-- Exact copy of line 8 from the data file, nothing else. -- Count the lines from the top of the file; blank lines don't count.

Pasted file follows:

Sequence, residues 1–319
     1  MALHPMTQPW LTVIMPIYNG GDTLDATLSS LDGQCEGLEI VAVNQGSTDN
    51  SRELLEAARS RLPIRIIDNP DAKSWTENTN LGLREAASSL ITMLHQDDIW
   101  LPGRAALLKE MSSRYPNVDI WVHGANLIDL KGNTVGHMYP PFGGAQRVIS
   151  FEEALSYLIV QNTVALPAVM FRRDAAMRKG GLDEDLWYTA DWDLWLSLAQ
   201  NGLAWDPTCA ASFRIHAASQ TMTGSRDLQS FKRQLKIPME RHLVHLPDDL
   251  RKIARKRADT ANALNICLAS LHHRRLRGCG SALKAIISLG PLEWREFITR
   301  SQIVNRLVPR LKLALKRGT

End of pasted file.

   301  SQIVNRLVPR LKLALKRGT